Today, it has all changed and the United States takes on herself the burden of maintaining world peace and assumes the role of super-power. The obvious result is that all the changes involve a powerful impact on government The altered social, economic, political and international conditions require re-allocation of responsibilities and the overall general tendency pas been strengthening the national government gr the expense of the States.
With all these changes there has been simultaneous change in people’s attitude towards the national government, irrespective of the party in power. Determined to make America great and strong, the platforms of both the major parties reflect the wishes of the people and their programmes call for greater activity by the Central Government helping its domain to grow.
In fact, from the beginning the logic of events has helped the national government’s sphere to expand. But the real swing in the Federal-State relations begins from 1860 when the federal Government began to exercise what had hitherto been regarded as exclusively the reserved powers of the States. Many factors and various devices have contributed to that end and the National Government is today doing more things, spending more money and coming much closer to the people than was contemplated by the framers of the Constitution. It engages in such activities as public health, agriculture, poor s¢lief, highway construction, labor relations and many others and yet the formal constitutional powers of the national government remain the game today as they were in 1789.
An important way to bring about the present Federal-State inter-relations is the system of grants-in-aid, that is, the amount of funds flowing from the national to State treasuries. The Committee of the Council of State Governments defines federal grants-in-aid as payment made by the national government to state and local governments, subject to certain conditions for the support of activities administered by the states and their sub-division.
This aid is given under the power grant in the taxation clause which authorities the use of Federal funds to provide for the general welfare. The practice is based on the assumption that some activities conducted by the States and local governments, like housing, agriculture, education and health, are matters of general welfare and, consequently, justify Support by the Federal Government. Then, the revenue resources of the Federal Government are enormous as compared with those of the States.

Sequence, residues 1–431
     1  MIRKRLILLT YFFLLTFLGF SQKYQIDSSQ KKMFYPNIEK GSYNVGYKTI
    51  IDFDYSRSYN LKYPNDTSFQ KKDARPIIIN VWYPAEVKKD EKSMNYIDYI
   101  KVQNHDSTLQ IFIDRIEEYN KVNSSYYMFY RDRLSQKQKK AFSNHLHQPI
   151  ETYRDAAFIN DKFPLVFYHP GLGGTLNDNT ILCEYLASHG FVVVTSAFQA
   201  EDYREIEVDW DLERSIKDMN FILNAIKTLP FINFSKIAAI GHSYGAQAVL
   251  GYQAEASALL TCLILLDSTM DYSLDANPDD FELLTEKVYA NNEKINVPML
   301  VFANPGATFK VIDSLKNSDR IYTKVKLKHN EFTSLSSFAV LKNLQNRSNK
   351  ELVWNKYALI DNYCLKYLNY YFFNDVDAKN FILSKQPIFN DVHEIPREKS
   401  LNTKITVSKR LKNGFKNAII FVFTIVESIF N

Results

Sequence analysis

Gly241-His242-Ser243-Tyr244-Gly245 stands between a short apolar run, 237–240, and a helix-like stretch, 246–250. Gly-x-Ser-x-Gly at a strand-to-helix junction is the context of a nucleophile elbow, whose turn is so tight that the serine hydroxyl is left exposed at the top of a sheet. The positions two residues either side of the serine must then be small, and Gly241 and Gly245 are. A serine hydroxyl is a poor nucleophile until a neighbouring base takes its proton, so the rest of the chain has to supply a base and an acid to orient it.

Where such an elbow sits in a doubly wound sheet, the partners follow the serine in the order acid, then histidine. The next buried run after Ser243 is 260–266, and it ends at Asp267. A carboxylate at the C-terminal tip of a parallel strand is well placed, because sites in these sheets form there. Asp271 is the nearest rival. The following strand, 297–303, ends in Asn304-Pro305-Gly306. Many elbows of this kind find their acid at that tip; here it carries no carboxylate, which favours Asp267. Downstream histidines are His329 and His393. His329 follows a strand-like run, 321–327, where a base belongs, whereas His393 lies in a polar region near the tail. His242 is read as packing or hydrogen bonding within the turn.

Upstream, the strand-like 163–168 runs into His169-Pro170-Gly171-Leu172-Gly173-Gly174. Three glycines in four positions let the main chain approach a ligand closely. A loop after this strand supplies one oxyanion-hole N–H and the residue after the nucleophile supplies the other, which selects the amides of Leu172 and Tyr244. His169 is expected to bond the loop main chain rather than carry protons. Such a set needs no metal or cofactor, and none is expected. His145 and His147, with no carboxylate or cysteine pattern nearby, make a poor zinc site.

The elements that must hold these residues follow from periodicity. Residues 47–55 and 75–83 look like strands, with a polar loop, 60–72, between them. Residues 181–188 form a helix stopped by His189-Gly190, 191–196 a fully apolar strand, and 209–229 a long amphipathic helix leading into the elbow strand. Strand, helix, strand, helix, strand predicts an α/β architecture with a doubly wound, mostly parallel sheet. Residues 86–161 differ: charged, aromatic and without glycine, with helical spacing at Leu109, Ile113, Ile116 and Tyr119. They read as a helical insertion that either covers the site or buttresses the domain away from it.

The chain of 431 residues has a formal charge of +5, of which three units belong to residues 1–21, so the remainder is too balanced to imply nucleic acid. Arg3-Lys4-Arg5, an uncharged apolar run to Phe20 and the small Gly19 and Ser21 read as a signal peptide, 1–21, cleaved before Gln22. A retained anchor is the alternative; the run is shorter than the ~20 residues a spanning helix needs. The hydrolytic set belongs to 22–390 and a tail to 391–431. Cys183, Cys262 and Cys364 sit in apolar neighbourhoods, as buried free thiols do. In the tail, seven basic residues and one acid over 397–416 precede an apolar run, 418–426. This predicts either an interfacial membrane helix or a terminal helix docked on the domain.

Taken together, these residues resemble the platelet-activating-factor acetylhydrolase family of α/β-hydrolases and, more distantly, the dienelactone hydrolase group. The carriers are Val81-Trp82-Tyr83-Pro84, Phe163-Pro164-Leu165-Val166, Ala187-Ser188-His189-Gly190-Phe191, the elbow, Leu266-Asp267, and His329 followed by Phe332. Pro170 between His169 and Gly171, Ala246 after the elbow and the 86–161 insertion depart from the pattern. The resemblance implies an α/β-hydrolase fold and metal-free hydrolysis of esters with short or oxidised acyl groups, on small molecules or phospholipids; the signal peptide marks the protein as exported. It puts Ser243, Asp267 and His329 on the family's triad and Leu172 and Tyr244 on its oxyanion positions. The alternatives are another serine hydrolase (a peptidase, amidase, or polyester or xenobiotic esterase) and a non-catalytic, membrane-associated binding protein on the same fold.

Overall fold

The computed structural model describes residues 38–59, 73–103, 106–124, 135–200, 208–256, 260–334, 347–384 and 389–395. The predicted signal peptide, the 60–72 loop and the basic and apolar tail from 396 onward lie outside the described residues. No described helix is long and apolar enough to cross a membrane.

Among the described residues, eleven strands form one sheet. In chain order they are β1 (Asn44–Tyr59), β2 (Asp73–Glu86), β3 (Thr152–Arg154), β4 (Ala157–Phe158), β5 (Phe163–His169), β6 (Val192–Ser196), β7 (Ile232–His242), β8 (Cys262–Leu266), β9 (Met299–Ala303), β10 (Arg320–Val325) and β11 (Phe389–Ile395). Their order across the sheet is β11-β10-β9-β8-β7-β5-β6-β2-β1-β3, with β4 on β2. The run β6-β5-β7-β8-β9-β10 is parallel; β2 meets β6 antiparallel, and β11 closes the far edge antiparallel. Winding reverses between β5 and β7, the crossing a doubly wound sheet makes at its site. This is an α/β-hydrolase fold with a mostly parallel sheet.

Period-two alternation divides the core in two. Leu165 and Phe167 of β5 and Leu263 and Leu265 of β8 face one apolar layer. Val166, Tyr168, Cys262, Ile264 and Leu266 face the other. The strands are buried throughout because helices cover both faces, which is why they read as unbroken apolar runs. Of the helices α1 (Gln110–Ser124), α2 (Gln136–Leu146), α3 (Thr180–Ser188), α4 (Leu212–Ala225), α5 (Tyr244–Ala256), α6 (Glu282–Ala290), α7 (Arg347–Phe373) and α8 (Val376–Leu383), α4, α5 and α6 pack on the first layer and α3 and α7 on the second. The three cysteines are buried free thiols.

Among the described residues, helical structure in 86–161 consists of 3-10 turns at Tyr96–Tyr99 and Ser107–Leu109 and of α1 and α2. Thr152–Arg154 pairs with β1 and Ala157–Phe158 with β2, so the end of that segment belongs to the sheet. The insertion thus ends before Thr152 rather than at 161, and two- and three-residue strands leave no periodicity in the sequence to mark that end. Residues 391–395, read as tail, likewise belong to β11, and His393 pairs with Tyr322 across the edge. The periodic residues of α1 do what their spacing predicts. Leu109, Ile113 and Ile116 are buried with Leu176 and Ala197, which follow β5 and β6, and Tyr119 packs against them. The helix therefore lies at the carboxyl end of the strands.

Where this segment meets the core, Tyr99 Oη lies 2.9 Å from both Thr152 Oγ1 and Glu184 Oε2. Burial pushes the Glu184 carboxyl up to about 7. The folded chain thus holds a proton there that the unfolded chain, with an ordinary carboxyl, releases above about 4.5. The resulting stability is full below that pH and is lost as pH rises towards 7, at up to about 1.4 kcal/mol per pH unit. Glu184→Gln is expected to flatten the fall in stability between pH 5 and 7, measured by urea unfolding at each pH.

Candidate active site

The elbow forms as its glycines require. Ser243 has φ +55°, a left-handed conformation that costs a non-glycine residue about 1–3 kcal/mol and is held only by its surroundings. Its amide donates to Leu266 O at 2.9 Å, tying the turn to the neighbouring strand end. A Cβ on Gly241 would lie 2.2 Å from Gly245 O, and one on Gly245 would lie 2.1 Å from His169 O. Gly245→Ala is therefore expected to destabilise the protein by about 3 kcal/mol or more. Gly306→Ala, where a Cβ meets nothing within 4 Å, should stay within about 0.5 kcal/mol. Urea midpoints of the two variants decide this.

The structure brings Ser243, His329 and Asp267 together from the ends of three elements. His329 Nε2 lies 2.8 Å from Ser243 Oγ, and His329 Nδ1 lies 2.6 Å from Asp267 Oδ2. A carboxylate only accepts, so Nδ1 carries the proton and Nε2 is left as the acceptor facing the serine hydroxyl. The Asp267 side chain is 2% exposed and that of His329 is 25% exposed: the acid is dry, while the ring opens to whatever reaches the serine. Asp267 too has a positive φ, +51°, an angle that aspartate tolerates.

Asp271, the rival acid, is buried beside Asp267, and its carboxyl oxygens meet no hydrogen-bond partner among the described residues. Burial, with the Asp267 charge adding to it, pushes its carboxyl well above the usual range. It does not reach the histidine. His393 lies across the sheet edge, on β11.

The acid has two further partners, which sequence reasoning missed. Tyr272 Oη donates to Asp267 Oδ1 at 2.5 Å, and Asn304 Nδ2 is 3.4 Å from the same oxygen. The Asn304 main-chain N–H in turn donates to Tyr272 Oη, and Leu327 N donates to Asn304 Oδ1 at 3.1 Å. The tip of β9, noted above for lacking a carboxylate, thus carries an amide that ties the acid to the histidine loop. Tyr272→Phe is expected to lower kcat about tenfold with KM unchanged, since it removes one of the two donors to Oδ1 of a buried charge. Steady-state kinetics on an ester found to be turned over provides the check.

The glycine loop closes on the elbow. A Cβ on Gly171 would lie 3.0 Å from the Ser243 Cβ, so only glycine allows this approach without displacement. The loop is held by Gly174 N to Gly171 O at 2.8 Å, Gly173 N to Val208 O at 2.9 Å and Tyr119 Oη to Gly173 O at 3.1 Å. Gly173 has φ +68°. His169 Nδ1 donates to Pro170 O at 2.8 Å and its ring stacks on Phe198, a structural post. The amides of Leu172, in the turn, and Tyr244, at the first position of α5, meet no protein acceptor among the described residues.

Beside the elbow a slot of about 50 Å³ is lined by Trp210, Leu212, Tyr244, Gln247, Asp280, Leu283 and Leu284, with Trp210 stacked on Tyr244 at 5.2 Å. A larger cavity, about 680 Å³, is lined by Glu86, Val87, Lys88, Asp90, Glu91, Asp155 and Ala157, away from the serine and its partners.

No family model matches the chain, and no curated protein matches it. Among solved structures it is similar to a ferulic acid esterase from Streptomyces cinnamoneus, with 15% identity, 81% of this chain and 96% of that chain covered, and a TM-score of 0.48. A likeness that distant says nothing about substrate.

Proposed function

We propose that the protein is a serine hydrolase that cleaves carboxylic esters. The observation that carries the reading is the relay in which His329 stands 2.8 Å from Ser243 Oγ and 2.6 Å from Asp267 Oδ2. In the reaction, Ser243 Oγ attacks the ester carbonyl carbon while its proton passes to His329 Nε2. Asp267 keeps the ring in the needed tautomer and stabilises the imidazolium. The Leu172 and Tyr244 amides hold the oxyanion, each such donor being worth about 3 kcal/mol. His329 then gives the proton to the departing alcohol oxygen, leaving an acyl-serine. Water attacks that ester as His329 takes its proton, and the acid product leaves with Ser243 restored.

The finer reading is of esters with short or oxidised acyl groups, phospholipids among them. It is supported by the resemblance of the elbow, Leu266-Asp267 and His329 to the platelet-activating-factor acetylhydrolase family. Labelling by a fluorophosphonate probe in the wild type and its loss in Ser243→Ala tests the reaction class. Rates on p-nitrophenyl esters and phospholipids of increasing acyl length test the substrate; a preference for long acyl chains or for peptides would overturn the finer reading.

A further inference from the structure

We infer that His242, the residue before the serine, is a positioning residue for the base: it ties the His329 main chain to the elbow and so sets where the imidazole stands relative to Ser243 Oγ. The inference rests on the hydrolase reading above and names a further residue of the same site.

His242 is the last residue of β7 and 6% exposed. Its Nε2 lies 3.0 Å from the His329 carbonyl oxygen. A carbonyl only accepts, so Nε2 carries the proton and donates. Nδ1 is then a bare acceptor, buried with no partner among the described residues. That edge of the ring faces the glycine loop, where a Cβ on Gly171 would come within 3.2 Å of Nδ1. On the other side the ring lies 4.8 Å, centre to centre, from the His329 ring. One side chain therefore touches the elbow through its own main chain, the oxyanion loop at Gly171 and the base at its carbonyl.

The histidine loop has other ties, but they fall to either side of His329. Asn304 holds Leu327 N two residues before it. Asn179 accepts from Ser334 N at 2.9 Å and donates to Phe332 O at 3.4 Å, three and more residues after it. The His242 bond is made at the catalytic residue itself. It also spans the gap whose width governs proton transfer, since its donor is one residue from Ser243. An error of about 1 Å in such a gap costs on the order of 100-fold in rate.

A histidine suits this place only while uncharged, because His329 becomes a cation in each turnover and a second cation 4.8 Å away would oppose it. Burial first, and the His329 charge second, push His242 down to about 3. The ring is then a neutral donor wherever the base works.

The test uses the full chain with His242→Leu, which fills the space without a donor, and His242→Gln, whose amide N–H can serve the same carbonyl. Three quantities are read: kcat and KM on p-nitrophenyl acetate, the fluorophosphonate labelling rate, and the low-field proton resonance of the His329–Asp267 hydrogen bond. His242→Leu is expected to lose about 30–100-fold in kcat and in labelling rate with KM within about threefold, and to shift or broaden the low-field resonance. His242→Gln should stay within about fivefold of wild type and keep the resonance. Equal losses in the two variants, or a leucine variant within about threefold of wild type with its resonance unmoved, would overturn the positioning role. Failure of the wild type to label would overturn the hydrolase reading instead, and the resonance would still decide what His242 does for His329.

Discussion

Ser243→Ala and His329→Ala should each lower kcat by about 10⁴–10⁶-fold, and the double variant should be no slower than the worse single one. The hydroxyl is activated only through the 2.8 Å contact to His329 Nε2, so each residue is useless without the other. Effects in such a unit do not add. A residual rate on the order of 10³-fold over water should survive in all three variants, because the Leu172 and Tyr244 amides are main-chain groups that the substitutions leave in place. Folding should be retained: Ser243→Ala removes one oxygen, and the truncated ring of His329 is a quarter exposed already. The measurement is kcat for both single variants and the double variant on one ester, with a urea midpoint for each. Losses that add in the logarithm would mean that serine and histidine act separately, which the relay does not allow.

Grants-in-aid are the means by which the Federal government provides aid in financing State functions which otherwise would have been either insufficiently performed or tardily performed, Finally, the modem idea of the functions of the State does not compartmentalize its role withing geographic jurisdictions of administration, the functions are national in scope and though there is virtue in their local administration, yet, they must be standardized at a high level.
The Central Government, therefore, gives to the States financial aid up to a certain proportion of the total amount of expenditures on the beneficent departments, on the condition that the States and their local units administer the programme in accordance with rules said down by Central Government.
The earliest grants made to States were in land or money without the imposition of conditions on their use. Today, the grants given are almost wholly conditional. This means that grants are made for specified purposes and subject to conditions stipulated by Congress or the administrative agency. It is a matter of common experience that one who gives money has a loud voice in calling the tune. Grants-m-aid are a prolific source of centralization.
They offer a middle ground between direct Federal assumption of certain state and local functions and their continuation under exclusive state and local financing, with haphazard coverage and diverse standards. It makes possible the achievement of national minimum standards, yet retains most of the benefits of administration close to the people. Thus, by the grants-in-aid the Federal Government is able to promote programmes in schemes of social services which it could not do otherwise without amending the Constitution.